It’s a sign of the times. Single-family homes, as distinct from mortgages, are an emerging asset class. For decades, investors have bought home mortgages in securitizations or as whole loans. Individual investors have built a cottage industry owning small numbers of rental homes. Institutions have been buying commercial real estate in various forms. Public and private REITs allow investment in various real estate asset classes in ways that improve liquidity, remove operational involvement and with more geographic and other risk diversification. What investors lack is a vehicle to own single-family homes that is analogous to single-family mortgages. And they’ve certainly not had the ease of a REIT structure through which to own those homes.
The Single-Family Challenge
Finance attracts a lot of clever people. So why haven’t structures been built to drive institutional ownership of homes? Until recently there have been good reasons (surely you would not think otherwise).
On the demand side, barring one year in the early 1990s, housing prices nationwide rose every year until 2007. Still, single-family homes did not score well as value in the investment sense. If anything at times they were a growth asset. And there were easier ways for investors to buy into growth than owning physical title. Homebuilder stocks, home improvement stocks or some of the late and unlamented mortgage companies were easier to trade and own. Times change and single-family homes are now arguably a value asset, even deeply undervalued depending on their location.
The Growth of the Rentals
Foreclosures and lower credit have made renters out of most former and many prospective homeowners. The renter culture has entered the single-family home market. What the small investor has known for years – that one can own a home and rent it out – has become much more economically viable. We need investor-owners for huge numbers of houses that owner-occupants are unable to buy. Even CoreLogic’s conservative estimates put the number of homes in shadow inventory at close to 2 million homes. Individual investors simply can’t absorb them all while we wait for the owner-occupant to come back. Institutions need to enter. We need to make investing in homes easy and very much in our society’s best interest.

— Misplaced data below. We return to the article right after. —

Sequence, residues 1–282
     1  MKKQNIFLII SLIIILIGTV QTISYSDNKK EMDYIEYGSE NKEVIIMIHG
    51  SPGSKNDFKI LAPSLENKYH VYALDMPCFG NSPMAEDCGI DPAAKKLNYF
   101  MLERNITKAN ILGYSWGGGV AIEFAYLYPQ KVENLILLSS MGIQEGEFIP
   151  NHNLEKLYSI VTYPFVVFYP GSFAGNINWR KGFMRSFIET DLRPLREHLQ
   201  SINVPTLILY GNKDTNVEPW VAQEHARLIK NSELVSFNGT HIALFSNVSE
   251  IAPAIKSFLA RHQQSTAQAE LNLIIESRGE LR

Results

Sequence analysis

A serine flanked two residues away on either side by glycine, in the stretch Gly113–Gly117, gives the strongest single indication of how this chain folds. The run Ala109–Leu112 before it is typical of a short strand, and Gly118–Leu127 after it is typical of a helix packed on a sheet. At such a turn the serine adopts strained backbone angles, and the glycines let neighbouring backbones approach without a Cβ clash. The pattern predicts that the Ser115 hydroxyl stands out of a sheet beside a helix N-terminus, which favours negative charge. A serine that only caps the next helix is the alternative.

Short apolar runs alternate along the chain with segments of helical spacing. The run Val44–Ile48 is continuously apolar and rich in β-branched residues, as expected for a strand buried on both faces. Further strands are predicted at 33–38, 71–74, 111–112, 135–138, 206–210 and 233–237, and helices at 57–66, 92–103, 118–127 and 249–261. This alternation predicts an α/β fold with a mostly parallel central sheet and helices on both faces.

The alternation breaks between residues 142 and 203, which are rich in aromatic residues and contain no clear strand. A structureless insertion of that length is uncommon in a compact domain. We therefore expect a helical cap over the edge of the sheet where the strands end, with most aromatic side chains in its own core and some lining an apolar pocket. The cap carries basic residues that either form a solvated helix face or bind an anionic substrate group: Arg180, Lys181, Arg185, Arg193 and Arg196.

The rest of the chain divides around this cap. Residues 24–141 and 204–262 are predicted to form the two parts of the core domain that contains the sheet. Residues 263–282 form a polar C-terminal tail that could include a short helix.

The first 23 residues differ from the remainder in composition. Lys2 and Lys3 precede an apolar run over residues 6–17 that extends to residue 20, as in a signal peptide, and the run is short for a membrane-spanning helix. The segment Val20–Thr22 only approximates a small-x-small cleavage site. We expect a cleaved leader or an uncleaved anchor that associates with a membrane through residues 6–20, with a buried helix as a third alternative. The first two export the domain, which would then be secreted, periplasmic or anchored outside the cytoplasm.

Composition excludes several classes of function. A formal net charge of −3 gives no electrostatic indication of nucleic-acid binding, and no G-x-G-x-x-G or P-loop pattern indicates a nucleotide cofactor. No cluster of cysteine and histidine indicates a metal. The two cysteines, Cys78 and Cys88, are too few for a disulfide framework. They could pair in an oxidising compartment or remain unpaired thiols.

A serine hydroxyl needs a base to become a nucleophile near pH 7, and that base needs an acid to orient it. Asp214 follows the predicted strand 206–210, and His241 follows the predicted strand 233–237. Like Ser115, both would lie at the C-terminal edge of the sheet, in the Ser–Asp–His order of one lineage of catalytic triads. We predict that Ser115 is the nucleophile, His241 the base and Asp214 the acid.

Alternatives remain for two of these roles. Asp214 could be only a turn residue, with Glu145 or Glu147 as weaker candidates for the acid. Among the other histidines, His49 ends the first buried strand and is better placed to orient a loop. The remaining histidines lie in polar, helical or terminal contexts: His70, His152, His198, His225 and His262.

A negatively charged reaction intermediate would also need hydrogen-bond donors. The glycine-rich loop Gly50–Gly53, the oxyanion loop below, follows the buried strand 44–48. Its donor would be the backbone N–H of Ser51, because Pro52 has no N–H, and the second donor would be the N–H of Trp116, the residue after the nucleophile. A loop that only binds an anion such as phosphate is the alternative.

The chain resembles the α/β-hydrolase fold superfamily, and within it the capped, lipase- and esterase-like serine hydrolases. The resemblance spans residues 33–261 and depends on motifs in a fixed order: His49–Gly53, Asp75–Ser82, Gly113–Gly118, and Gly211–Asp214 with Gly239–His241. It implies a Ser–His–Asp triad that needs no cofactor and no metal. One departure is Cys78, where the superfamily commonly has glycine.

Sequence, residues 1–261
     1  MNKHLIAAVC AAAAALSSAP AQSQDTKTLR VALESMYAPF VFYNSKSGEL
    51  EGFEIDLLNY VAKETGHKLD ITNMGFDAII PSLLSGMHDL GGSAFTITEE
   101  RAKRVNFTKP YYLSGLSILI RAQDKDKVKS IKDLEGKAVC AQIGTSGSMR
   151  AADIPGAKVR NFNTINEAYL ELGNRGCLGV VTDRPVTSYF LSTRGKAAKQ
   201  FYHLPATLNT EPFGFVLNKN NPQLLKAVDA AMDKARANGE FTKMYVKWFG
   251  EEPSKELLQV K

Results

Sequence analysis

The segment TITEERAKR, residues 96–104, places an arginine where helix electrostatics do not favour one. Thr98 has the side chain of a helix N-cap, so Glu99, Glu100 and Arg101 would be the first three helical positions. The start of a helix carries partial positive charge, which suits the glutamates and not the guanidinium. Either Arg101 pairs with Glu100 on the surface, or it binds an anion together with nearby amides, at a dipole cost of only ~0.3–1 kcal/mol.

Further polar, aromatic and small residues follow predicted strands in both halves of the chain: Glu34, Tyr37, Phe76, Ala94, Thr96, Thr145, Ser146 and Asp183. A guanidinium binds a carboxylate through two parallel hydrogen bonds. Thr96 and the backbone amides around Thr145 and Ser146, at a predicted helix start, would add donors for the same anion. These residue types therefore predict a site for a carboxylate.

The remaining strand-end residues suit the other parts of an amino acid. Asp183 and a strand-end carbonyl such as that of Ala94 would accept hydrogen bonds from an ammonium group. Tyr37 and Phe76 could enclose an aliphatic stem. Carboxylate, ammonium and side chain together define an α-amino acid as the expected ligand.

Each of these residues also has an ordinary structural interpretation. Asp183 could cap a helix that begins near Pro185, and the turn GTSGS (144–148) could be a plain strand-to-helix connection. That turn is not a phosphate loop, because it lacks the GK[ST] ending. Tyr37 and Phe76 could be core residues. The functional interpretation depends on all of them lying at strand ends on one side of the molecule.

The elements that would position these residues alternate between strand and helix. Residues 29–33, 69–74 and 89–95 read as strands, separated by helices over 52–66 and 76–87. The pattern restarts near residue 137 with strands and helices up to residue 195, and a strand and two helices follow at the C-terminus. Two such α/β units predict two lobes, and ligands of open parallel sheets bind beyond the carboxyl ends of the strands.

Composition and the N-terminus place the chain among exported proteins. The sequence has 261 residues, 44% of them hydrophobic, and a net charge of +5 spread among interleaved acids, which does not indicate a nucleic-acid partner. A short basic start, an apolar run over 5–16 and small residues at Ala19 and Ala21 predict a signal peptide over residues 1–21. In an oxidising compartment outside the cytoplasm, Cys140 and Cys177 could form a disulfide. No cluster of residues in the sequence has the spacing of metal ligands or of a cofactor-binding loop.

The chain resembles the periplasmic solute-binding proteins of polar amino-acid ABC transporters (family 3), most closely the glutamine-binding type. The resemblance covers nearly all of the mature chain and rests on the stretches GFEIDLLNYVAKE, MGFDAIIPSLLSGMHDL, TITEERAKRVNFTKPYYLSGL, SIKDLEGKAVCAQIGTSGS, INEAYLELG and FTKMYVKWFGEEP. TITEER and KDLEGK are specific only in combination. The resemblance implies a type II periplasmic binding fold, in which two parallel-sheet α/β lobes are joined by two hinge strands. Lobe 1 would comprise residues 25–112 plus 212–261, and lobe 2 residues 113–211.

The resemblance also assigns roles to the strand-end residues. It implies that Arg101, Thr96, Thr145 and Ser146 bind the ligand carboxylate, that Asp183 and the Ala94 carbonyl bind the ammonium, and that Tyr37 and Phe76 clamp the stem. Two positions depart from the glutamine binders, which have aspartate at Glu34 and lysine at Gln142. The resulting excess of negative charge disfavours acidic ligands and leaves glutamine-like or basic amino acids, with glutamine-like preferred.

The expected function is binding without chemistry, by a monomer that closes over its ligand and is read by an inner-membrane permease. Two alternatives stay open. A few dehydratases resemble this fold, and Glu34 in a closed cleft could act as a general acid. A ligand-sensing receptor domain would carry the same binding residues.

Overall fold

Besides perceived value, institutions have not bought single-family homes because they are difficult to acquire at scale while controlling risk. Buying or selling a home is a byzantine process, reliant on hard copy forms, faxes and even a thumb-print identification to avoid fraud in some jurisdictions. Buying a handful of houses is easy; buying hundreds, thousands or hundreds of thousands of houses is exceptionally hard because one has to combine the desire for bulk transactions with the reality of closings scheduled one home at a time. But that combo is needed today as homes incrementally transition from distressed ownership to rentals. One can always buy vacant homes in bulk but then the purchase price would reflect the quality of the asset and its rentability. Both seller and buyer would need quite a lot of information to have useful price discovery – that’s unlikely. Experiments out of Washington are helping with supply of homes but we are a long way from doing what’s best for the country and the housing market.
Another impediment to institutional homeownership is the operational complexity of managing residential real estate that is horizontally dispersed rather than vertically stacked (like apartments). Horizontal is harder in some ways than vertical but less risky in others. Besides, a nation that built the Google search algorithm can figure out how to manage homes.